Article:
So far, studies on predicting the response to GC in CRS patients are limited. Though recently, Sinus CT scores was shown to have high predictive value for identifying eosinophilic CRSwNP [9]. Taking into account that eosinophilic airway inflammation is predisposed to be GC sensitive [10], we therefore hypothesized that sinus CT scores could be used to predict the clinical response of GC treatment in patients with CRSwNP. The aim of this study is to evaluate the sinus CT features between GC-sensitive and GC-insensitive CRSwNP patients to assess the diagnostic values of sinus CT scores in predicting GC-sensitivity in patients with CRSwNP.


Subjects and study design

The study design was a prospective, single-blinded and single-center study where forty-seven patients with CRSwNP were recruited from the Fifth Affiliated Hospital of Sun Yat-sen University (Zhuhai, China). This study was approved by the hospital ethics committee (Approved No. of ethic committee: 2015-S39), and written informed consent was obtained from each subject. The diagnosis of CRSwNP was carried out according to the European position paper on rhinosinusitis and nasal polyps (EPOS 2012) [1]. All patients showed a score of 1–4 on both sides based on the nasal polyp size score (NPSS) by nasal endoscopy (Additional file 1: Table S1) [11, 12]. The total nasal symptom score (TNSS) was calculated as the sum of 4 individual patient-assessed symptom scores for nasal congestion, loss of smell, anterior rhinorrhea, and postnasal drip, each evaluated using a scale of 0 = None, 1 = Mild, 2 = Moderate, or 3 = Severe [1, 6]. All TNSS and NPSS were evaluated and scored by an otolaryngologist who was blinded to the design of the trial. Prior to GC treatment, all patients were evaluated for CT scores and peripheral blood eosinophilia followed by a prescription of oral GC (30 mg of prednisone once daily for 14 days). Before and after oral GC therapy, NPSS and TNSS were recorded. In the run-in phrase of this study, we evaluated the GC responsiveness based on the TNSS subjectively and the NPSS objectively, and consequently found that the GC responsiveness objectively determined by NPSS and that subjectively determined by TNSS were both efficient in reflecting the alteration of eosinophilic inflammation in polyp tissues (data not shown). Therefore, in the present study, the GC responsiveness of all patients was determined based on the changes of TNSS and NPSS after a 2-week oral prednisone treatment compared with the baseline. The diagnosis of asthma was determined by a pneumologist. Diagnosis of aspirin intolerance and allergic rhinitis is based on detailed clinical history. Atopic status was evaluated by a skin prick test or the serum IgE (Phadia, Uppsala, Sweden) specific to common inhaled allergens (e.g. pollens, house dust mites, pets, molds, and cockroaches). None of the patients included used oral or nasal steroids or other immunomodulatory drugs within 4 weeks before starting oral GC.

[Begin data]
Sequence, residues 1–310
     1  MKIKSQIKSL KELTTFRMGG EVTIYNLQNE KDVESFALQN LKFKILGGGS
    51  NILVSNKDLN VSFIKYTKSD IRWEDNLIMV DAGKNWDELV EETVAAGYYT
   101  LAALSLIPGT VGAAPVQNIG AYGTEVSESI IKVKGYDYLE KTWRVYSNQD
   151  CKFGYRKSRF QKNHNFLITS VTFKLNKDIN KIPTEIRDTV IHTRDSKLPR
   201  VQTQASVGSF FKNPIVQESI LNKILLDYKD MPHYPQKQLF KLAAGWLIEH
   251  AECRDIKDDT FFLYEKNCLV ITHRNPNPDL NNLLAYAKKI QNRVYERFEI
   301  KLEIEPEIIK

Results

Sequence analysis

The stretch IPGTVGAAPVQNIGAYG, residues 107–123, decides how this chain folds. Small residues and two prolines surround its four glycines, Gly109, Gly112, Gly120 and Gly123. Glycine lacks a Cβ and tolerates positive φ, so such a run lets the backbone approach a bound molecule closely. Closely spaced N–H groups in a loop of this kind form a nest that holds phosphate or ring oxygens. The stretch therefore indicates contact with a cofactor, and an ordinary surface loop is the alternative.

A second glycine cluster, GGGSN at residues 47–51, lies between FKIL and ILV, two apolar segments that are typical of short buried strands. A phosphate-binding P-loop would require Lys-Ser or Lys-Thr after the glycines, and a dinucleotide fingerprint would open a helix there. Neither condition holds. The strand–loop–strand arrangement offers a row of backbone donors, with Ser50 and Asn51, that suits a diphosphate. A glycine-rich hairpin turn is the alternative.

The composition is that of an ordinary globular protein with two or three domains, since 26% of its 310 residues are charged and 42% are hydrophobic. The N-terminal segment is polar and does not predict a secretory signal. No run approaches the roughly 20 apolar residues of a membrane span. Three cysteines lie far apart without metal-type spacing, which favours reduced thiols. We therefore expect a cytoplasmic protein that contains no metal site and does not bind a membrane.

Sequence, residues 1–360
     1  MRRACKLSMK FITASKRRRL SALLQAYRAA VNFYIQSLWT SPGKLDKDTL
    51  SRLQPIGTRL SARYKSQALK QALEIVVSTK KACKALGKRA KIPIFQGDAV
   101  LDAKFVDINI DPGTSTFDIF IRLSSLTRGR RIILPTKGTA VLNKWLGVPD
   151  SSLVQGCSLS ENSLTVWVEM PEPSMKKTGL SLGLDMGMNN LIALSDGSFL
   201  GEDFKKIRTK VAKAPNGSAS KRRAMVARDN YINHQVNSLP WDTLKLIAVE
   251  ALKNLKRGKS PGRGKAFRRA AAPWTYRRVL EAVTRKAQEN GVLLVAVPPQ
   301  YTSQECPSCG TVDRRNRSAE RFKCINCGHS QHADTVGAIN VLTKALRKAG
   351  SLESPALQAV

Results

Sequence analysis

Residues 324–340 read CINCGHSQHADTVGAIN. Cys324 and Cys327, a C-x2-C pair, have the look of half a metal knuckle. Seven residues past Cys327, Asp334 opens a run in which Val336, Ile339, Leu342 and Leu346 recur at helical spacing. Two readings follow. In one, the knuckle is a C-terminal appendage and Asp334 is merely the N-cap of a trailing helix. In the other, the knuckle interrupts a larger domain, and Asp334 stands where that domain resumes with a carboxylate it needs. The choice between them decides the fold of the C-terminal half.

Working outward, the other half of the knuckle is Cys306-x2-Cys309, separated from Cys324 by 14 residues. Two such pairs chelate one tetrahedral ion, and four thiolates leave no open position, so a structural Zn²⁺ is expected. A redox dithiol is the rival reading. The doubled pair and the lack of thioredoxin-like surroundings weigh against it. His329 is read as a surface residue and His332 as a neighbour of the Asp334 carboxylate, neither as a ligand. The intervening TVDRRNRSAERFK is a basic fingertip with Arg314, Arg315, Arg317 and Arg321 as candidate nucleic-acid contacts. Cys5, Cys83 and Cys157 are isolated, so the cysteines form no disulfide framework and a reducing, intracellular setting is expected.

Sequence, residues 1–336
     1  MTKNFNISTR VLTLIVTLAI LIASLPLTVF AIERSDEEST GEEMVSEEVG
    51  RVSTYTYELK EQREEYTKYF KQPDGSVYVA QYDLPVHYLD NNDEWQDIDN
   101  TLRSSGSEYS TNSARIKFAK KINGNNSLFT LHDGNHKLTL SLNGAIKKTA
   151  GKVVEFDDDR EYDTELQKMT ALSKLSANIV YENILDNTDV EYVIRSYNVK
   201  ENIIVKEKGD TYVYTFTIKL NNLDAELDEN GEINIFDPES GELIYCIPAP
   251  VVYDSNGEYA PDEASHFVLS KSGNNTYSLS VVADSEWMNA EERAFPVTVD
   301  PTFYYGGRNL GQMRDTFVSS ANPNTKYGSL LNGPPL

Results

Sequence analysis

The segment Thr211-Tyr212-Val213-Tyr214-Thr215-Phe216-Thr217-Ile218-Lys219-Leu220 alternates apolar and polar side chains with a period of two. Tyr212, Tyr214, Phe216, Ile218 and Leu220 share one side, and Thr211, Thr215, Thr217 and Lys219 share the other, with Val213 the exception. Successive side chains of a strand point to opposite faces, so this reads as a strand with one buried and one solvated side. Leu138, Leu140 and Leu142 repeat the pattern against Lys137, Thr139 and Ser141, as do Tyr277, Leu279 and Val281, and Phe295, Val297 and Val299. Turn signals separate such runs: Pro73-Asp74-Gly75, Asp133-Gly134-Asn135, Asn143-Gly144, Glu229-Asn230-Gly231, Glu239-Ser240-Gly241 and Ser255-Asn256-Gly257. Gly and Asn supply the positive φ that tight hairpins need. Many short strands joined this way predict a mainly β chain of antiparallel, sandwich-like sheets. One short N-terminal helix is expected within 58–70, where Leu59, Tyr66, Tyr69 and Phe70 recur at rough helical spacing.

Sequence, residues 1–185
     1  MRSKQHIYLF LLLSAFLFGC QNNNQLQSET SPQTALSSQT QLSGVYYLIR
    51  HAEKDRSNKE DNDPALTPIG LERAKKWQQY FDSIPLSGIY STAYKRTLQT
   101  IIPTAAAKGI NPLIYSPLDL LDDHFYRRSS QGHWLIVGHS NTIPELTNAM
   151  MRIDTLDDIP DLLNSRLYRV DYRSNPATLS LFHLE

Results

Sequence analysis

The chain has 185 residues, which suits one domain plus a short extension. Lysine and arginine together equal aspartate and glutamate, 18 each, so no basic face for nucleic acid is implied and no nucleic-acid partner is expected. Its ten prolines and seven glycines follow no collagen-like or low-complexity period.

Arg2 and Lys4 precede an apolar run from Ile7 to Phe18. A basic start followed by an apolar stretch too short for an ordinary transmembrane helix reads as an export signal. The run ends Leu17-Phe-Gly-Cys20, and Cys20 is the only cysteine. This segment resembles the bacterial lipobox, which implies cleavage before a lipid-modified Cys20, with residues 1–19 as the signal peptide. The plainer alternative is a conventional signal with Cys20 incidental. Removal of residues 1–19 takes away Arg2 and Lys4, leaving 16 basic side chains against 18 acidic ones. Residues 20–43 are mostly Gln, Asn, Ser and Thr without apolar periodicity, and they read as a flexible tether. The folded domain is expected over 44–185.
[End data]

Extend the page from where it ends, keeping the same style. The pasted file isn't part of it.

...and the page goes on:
Computed tomography (CT) imaging and Sinus Score